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Disaster Brings Slight Thaw to Kashmir

India and Pakistan relax border controls to allow people to aid relatives. But prospects for a political breakthrough remain dim, analysts say.

October 19, 2005|Carol J. Williams and Henry Chu | Times Staff Writers

ISLAMABAD, Pakistan — Moved by an earthquake that unleashed death and destruction on both sides of divided Kashmir, Pakistani and Indian leaders agreed Tuesday to at least temporarily scale back barriers that have kept families apart for 58 years.

During a visit to Muzaffarabad, the quake-ravaged capital of the region of Kashmir that Pakistan controls, President Pervez Musharraf appealed to New Delhi to allow Kashmiris to cross the de facto border and bring aid to suffering relatives.

"We will allow every Kashmiri to come across the Line of Control and assist in the reconstruction effort," Musharraf said during a news conference after touring the flattened city of 600,000, also suggesting that leaders from both countries meet and collaborate.

India responded with uncommon swiftness. "We welcome the offer," the Foreign Ministry said in a statement. "This is in line with India's advocacy of greater movement across the LOC for relief work and closer people-to-people contacts."

It was the latest and most significant confidence-building gesture to follow the Oct. 8 temblor, which killed at least 42,000 people. Some estimates place the number of fatalities at up to 100,000. Earlier, India sent three shipments of relief goods and agreed to temporarily suspend the "no-fly" zone over the de facto border to allow Pakistani helicopters to deliver aid and evacuate the injured.

Kashmiris long separated from loved ones by the political standoff have been hopeful that the disaster would break the stalemate on how to proceed toward unification and possible independence.

"This is the worst tragedy to befall this region, but I think God knew what to do to give impetus to this standoff," Rada Ilkhaq, a refugee from Indian-controlled Kashmir who was languishing in a Muzaffarabad tent city, said on the eve of the diplomatic breakthrough.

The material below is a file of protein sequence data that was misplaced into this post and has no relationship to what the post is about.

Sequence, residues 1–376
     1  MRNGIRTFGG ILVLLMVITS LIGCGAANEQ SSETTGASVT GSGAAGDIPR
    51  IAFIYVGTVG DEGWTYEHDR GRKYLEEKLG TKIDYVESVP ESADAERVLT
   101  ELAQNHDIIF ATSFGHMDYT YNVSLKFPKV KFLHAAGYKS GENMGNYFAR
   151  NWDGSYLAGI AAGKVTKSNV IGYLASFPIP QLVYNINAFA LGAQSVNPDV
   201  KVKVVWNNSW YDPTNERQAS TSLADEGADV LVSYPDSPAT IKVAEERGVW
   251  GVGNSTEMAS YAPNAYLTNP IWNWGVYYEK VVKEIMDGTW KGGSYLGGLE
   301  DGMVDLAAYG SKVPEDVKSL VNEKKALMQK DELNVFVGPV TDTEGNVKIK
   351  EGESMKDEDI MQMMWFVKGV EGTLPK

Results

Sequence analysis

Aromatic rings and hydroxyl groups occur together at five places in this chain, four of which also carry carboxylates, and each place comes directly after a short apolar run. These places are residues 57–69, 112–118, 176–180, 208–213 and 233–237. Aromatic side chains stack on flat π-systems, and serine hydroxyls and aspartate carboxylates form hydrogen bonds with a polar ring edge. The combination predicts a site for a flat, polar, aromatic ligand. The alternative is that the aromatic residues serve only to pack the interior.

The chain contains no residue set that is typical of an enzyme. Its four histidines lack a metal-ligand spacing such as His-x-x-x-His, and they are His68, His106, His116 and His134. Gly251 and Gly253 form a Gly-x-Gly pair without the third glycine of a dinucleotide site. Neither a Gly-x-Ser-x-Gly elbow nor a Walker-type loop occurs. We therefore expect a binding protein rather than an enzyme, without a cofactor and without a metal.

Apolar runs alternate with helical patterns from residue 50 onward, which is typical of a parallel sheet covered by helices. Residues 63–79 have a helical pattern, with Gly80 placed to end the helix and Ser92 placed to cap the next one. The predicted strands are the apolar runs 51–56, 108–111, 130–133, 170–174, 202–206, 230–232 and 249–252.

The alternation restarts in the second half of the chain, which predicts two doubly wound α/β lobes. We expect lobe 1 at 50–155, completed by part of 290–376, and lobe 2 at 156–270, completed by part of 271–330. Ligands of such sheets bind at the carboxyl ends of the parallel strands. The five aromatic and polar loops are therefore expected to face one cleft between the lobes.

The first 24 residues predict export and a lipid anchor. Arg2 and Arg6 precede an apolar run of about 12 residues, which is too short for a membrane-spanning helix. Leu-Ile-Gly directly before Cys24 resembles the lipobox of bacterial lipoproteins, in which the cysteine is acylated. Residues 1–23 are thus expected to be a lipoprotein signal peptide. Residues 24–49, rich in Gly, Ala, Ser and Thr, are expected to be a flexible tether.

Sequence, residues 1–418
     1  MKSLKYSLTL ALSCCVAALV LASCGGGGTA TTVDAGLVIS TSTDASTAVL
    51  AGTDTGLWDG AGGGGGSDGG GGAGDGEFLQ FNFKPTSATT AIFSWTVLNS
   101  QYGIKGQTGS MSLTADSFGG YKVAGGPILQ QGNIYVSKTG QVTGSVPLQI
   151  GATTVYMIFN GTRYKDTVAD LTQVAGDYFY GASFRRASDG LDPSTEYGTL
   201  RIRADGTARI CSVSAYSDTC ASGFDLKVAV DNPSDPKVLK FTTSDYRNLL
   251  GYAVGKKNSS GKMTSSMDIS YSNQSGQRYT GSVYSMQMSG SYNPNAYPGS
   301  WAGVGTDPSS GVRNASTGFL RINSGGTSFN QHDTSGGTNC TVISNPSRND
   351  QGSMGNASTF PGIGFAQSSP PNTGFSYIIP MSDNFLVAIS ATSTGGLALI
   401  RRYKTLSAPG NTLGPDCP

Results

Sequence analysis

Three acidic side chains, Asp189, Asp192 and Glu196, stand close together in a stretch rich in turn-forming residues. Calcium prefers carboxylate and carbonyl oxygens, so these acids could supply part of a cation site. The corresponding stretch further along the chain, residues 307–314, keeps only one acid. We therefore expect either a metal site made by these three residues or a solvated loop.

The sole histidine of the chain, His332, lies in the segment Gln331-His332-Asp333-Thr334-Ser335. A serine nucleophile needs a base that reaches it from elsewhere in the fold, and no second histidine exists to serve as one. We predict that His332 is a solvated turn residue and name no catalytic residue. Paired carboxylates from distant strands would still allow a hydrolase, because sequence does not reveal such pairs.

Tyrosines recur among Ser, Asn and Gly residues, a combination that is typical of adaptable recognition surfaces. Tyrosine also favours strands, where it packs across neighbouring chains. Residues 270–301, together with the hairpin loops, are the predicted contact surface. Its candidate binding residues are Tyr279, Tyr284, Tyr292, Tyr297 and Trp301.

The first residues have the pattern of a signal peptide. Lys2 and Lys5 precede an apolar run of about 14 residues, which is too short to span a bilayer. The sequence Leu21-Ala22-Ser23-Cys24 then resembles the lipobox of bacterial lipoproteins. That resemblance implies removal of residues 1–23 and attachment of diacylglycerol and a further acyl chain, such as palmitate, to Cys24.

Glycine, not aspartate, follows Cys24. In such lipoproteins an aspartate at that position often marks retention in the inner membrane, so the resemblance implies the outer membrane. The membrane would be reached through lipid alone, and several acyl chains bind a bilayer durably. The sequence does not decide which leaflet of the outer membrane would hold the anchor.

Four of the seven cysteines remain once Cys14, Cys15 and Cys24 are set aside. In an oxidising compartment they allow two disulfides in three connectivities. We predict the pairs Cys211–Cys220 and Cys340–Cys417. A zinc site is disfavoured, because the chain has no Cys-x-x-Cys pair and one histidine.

Musharraf and Indian Prime Minister Manmohan Singh have been unusually cooperative and congenial since the quake took its harshest toll on Kashmir. Their two nations, which now are nuclear armed, have twice gone to war over the territory.

But analysts in both countries are not sanguine about the prospects for long-term rapprochement. Neighborly support in a time of crisis is a typically Eastern custom, they say, not to be mistaken for relinquishing entrenched positions.

The earthquake is "a blip on the radar screen," said Vinod Saighal, a retired Indian general and author. "The reason is that the underlying tensions are far more deep. The entities that impel them forward are not going to change their stance."

For India's part, "there's no way they can cede any portion of Kashmir, which is what the Pakistanis want.... No Indian government can do that," he said.

As for Pakistan, a resolution of the Kashmir question would strip the country's dominant institution, the military, of its raison d'etre, Saighal said. Islamabad's military leadership derives its power from the 500,000-strong force.

The first Indian military planes to arrive in Pakistan since 1971 have come this month on relief missions. Musharraf praised Singh's "very kind" offers of assistance, including helicopters to bolster the ongoing humanitarian airlift.

As the vital role of such aircraft became clear, with roads blocked by landslides and many hard-hit villages inaccessible except by flight, the Pakistani government sought and received permission from New Delhi during the weekend to run relief sorties over the 477-mile Line of Control. But India's offer to augment the fleet was in effect rejected Monday, when Islamabad said Indian helicopters were welcome but not Indian pilots.

"There's still a great deal of reluctance for joint relief operations," former Pakistani Foreign Minister Tanvir Ahmad Khan said of the show of solidarity by Musharraf and Singh.

Negotiations over Kashmir have been at an impasse since a January 2004 cease-fire that followed Musharraf's hint that Pakistan might dispense with its traditional insistence that a united Kashmir's affiliation be decided by a referendum. India has steadfastly refused to approve such a vote.

With more than 80% of the territory's people Muslim, New Delhi apparently fears that a majority vote would result in either independence or alignment with Pakistan, undermining India's character as a secular democracy and possibly encouraging other secession movements driven by ethnic or religious identity.

Analysts are little encouraged for the long term because, they say, officials have wasted other recent opportunities to break the stalemate. Musharraf and Singh met in New York in September during the United Nations General Assembly session and made no effort to move forward, Khan said. Neither did the Indian foreign minister's visit to Islamabad a week before the earthquake result in the slightest deviation from the script that has been recited for decades.

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